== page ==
Ruthin - A place to inspire
Some of the world's finest contemporary art can be found in the pretty town of Ruthin<br/>WORDS BY EMMA MAYOH PHOTOGRAPHY BY JOHN COCKS
Think of places to see contemporary art and galleries like Tate Modern and the Saatchi might spring to mind. But lovers of modern art, as well as its creators, all head to a picturesque town in the heart of the Vale of Clwyd.
It is easy to see why Ruthin and its surroundings have inspired artists - and encouraged so many to settle in the area. But another reason is Ruthin Craft Centre. Since it opened in 1982 it has been a hive of activity for lovers of contemporary craft. It reopened in 2008 following a �4.4 million redevelopment and it is said to be the most important gallery for craft in Wales.
Exhibitions held here have gone on to show at renowned galleries like London’s Victoria and Albert Museum and work showcased in the craft centre’s collections have also been sold at prestigious shows and venues including the contemporary art fair Collect at Saatchi Gallery, at the international Sculpture Objects and Functional Art expositions in Chicago and New York, as well as at several European shows. A collection of work by Welsh artists was sent from the centre to exhibit at the Smithsonian Institute in Washington, the world’s largest museum and research complex.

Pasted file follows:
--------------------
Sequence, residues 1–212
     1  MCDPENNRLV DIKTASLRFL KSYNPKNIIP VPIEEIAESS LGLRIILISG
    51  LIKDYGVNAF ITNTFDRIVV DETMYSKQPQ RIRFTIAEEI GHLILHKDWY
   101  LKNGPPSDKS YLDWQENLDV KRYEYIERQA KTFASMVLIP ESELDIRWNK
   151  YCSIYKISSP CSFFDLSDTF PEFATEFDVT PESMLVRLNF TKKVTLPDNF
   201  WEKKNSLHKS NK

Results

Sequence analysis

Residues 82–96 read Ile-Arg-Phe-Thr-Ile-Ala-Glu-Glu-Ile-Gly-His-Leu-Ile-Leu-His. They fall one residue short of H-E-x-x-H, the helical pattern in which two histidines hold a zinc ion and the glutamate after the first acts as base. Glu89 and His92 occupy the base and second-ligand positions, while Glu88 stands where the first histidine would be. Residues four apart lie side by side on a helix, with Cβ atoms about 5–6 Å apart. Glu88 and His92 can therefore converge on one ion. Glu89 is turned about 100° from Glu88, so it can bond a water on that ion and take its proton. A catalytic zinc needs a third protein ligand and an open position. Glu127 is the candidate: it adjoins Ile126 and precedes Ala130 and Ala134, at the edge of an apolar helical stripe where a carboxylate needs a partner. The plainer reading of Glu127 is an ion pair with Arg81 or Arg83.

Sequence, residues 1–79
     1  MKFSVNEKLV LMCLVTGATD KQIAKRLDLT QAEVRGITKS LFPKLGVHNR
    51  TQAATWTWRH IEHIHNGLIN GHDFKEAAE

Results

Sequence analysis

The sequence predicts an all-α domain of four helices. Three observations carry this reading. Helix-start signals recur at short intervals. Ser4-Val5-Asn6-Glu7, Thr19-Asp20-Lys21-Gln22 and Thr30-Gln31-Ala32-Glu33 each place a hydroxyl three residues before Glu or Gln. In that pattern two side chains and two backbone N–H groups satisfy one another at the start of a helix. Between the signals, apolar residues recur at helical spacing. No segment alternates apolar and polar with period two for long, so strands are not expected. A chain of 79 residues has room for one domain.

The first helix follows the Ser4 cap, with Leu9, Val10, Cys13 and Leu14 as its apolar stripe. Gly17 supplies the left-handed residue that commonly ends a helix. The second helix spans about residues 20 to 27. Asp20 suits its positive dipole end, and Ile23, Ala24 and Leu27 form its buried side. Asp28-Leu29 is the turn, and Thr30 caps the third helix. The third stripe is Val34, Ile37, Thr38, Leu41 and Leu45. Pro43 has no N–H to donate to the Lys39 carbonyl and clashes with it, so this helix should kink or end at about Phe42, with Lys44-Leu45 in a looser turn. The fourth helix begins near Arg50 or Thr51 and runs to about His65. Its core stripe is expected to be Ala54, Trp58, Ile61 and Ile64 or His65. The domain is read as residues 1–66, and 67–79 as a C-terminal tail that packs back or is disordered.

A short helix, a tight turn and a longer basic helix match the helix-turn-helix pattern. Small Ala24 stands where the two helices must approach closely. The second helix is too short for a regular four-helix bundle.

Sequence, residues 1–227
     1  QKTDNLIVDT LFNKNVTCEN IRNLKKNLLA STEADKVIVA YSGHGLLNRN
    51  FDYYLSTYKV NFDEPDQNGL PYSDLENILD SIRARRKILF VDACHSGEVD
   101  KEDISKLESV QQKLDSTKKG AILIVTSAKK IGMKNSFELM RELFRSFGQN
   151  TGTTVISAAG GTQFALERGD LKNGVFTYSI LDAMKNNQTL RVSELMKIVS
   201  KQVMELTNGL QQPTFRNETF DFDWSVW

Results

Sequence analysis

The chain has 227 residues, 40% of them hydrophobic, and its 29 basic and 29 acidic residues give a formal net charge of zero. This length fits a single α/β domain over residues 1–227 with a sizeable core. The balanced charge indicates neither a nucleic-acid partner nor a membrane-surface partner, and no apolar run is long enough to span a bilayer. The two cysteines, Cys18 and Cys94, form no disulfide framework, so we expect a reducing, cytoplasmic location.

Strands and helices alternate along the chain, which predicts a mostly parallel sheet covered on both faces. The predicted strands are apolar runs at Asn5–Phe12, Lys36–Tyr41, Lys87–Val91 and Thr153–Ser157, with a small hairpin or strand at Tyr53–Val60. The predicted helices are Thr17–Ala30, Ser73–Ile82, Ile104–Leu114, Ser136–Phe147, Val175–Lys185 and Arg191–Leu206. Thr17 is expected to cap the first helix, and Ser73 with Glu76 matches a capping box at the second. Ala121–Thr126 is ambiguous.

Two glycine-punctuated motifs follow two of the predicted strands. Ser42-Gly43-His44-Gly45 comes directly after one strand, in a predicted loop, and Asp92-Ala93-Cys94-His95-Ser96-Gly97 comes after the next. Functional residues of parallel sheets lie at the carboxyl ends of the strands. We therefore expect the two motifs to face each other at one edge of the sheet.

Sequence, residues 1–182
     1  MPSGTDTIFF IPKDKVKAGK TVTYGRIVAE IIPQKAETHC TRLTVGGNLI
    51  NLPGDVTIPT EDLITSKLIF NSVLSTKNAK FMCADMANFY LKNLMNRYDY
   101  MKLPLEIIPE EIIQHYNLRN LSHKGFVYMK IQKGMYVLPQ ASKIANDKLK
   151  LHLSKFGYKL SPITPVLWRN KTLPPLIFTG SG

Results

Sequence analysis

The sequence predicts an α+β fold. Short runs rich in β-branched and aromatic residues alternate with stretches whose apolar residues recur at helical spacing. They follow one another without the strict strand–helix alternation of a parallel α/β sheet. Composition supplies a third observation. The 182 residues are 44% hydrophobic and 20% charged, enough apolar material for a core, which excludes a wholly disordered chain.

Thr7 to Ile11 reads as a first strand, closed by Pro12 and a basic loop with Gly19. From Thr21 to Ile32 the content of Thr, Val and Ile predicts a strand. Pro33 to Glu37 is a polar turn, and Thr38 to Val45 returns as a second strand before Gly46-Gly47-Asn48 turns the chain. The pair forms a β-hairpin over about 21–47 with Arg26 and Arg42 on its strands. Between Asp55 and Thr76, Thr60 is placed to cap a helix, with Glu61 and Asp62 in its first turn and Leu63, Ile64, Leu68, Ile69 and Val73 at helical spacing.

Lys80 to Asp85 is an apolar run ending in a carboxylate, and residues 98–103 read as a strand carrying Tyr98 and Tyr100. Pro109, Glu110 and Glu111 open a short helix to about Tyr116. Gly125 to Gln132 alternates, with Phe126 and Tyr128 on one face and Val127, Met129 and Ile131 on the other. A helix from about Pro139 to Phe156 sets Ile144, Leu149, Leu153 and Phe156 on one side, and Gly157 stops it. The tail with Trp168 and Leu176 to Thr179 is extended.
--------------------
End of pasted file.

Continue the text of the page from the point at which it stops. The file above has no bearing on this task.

Philip Douglas, director of Ruthin Craft Centre, said: ‘We showcase the best of contemporary craft in Wales and the best of contemporary craft in the UK. People are surprised to see something of this quality in Ruthin.
‘We get a lot of interest from collectors and art lovers from all over the world. But that is because of the quality that is produced by the artists we show here. Many of them are local which is fantastic and others choose to come back here. We had one artist, Ruth Duckworth, who fled Nazi Germany as a child and came to North Wales. She moved to America later but then wanted a collection to celebrate her 90th birthday shown here. It is very exciting for us that people feel this way.’
Later this year work will begin on a new Ruthin Art Trail, designed to link the centre with the main town. The last few pounds are now being raised through sponsorship from local businesses. In the autumn artists will be asked to tender for a commission to produce their own piece for the new project.
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As part of the trail the gates at St Peter’s Church, originally made by blacksmiths Robert and John Davies in 1727, are being restored by talented artist Jessica Lloyd Jones, a former artist-in-residence at Ruthin Craft Centre. She will also create a light installation around the gates that will be powered by photovoltaic panels hidden on the roof of the church.Michael Nixon, project manager and arts consultant, said: ‘We have this fantastic centre in Ruthin and the idea of the trail is to encourage people to move from here into the main town centre. It’s the whole idea of arts and regeneration working together.
‘As well as giving visitors something extra to enjoy we also want to make Ruthin an even lovelier place for the residents. The artists will work with local schoolchildren and the people who live here to get a sense of what their town means to them.’